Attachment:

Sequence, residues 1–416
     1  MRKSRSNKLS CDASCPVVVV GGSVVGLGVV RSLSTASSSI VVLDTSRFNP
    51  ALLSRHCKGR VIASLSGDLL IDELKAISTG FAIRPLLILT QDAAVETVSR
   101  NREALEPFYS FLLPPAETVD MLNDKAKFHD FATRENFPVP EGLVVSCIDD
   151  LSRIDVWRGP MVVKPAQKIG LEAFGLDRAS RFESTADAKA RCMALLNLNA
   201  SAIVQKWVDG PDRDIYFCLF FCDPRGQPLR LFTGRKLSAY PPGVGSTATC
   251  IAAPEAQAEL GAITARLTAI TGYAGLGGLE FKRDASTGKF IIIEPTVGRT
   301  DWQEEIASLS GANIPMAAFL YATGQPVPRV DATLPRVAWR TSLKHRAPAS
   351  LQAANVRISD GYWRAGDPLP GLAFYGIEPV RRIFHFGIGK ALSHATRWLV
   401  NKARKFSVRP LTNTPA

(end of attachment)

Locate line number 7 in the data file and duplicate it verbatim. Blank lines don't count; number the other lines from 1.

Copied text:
   251  IAAPEAQAEL GAITARLTAI TGYAGLGGLE FKRDASTGKF IIIEPTVGRT